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Roberta Flack, Peabo Bryson and More @ The Dell.

August 1, 2014

7.24.14_JUMP_PeaboBryson_DarraghDandurand_04Text and images by Darragh Dandurand.

It was hot and sticky last week when people waited on their Ridge Avenue stoops to try to here Roberta Flack’s voice pouring out of the Dell Music Center. Scalpers stood near the road, working to convince anyone who walked by that their less-than-cheap tickets were a good bargain.

Inside the Dell, the arena-like venue slopes down next to Laurel Hill Cemertery but is shaded by large oaks and poplar trees. Huge stage lights rigged high above bounced off of the stadium seats and the shiny equipment was still being set up as the crowd charged in from the gate. Middle-aged women fanned themselves and their middle aged husbands sweated profusely next to them. The sickly sweet smell of carnival snacks, like toxic-colored water ice, mixed in the air with perspiration, anticipation and the humidity that no one could hide from.

Brotherly Love, a clean-cut, God-loving, five-man doo-wop revival boy band paraded around stage in matching white collared shirts, vests and suede shoes. They harmonized like it was their day job, not a side act that they are trying to start from the ground up. They crooned old hits and new jams, serenading aging women in the front row and praising the Lord before filing backstage in perfect unison.

Up next came New Birth, dressed in all white. They looked like ghosts as they sang about soul, snapping to keep in time with the rhythm of the funk band backing them up. In between face-wide grins and the occasional hand waving above their heads, the group got the audience clapping and hollering as they descended the stage steps to greet fans up and down the aisles.

Bloodstone, jazzy in all white tuxedos and red bowties, did an extensive amount of finger pointing, which was their chosen dance move. Their voices blended together like melting chocolate, heavy and rich and those packed into the stadium seating were overwhelmed by the sound. As the sun set, their spotless tuxedos drew in all the light, reflecting back every camera flash and spotlight, making the band glow on stage.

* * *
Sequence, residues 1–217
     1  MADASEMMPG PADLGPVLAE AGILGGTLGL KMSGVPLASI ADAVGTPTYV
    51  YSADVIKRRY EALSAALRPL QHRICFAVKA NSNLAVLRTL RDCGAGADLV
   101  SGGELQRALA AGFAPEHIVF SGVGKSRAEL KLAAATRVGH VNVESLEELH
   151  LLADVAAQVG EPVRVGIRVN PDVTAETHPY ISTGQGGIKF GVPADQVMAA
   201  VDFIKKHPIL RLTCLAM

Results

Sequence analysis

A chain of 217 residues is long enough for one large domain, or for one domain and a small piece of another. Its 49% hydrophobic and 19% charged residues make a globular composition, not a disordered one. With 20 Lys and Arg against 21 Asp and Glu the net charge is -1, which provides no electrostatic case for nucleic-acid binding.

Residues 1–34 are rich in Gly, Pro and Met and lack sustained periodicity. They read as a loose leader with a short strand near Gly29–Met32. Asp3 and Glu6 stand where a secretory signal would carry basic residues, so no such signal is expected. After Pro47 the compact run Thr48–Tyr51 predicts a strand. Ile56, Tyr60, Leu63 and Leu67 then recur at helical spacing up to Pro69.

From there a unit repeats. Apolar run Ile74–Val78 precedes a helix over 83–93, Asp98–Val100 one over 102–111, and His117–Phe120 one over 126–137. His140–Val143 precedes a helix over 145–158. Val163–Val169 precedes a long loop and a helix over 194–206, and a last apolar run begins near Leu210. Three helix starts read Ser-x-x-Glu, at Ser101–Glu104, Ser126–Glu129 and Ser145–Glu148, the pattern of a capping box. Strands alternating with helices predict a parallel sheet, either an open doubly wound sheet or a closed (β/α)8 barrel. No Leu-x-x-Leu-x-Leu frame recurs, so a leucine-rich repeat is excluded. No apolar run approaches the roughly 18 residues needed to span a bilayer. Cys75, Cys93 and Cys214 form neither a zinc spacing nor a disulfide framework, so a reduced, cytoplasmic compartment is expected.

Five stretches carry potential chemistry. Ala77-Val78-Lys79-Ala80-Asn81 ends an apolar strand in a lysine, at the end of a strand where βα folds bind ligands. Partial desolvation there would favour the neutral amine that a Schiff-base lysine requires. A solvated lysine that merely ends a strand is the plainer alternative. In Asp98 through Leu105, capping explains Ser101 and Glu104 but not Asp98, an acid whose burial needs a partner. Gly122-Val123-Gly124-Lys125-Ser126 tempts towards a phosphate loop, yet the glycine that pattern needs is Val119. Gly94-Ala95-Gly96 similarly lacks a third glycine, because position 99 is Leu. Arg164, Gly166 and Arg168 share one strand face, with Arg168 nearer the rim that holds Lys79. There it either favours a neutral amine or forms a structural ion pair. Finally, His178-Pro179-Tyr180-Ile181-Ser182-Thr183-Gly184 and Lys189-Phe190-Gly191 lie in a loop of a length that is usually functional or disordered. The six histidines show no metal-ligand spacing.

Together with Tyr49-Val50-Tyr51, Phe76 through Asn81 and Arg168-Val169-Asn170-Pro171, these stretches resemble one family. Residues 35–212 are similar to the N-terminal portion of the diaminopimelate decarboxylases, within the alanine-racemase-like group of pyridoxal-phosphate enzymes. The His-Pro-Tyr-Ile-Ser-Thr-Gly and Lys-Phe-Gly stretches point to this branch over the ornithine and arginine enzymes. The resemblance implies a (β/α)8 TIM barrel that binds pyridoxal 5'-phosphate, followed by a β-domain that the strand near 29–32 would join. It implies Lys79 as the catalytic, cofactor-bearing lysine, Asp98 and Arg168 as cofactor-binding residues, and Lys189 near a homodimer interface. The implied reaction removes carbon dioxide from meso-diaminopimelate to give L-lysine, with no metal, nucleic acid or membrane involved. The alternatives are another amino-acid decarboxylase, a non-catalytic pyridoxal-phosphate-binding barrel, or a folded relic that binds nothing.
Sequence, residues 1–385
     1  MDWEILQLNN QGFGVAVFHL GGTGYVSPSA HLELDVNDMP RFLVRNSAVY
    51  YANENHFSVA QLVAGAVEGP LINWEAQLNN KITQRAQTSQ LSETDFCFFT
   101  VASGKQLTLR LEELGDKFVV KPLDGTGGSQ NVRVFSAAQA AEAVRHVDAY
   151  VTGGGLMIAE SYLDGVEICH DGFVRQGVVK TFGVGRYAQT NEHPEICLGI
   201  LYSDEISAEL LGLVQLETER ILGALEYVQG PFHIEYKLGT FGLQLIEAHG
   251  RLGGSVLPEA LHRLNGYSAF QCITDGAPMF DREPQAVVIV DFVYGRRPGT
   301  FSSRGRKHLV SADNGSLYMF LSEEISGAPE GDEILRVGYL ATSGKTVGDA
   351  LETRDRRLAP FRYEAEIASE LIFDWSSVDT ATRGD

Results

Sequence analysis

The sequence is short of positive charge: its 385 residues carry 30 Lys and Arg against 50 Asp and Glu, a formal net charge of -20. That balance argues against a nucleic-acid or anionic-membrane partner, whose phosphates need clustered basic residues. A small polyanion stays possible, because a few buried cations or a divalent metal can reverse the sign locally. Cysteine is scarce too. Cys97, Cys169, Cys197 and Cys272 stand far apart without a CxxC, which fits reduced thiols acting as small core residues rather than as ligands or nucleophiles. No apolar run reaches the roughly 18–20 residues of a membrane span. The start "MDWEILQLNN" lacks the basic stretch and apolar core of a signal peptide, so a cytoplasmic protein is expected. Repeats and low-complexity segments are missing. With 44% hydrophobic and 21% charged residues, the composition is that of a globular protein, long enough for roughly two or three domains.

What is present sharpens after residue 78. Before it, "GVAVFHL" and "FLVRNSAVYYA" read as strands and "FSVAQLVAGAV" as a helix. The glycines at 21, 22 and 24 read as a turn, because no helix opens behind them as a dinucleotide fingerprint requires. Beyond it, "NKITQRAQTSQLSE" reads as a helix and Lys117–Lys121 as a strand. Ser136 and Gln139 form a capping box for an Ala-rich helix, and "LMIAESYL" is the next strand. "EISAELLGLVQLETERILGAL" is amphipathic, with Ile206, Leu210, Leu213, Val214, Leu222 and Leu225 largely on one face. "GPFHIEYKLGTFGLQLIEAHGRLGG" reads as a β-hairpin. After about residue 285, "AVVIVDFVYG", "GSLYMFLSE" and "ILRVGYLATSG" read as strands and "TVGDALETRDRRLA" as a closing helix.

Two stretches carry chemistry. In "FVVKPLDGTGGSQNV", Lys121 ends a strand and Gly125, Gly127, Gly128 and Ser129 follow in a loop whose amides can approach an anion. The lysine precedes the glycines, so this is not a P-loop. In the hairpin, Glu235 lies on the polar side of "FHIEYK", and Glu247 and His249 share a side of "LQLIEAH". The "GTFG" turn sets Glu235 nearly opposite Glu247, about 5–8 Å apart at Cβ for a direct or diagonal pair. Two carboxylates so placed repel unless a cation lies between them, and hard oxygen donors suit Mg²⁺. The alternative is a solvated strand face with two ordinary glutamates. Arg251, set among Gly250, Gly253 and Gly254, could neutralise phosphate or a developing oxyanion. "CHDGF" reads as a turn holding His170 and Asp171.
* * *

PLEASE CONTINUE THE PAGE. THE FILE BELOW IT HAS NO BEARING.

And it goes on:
By the time Bloodstone exited and songbird, Peabo Bryson (above), took over the mic, the audience was in a tizzy. Women flocked to the front as Bryson approached the audience with open arms from atop the stage. His very presence drew sighs and shouts from his adoring female fan base, some of whom took his outstretched hand in theirs to kiss and caress or to pass on roses and other flowers. Like a gentleman, he accepted all the laurels and cheers while he retreated back to his limelight. Bryson sang with sincerity and there was a kindness to his showmanship. As he crossed the stage in long strides, he made dramatic gestures with his arms and flashed big, cheesy winks.

And finally, after a surprisingly quick set change, an almost ten-piece band emerged from the darkness of backstage and starting bumping bass lines and piano riffs into the night. The audience settled, ready to spring yet again, for this time they knew Roberta Flack was going to appear. With a plastic-like, painted-on smile and she slowly crossed the front of the stage with the help of a backup musician. Barely acknowledging the crowd, whose whoops started to sound a little flat in response to Flack’s hollow appearance, the iconic diva barely sung into the mic as she opened with a piano duet of “Killing Me Softly.”

Early into Flack’s set, the Dell Music Center began to empty out, leaving her melodies to be carried by the wind to those who would listen.

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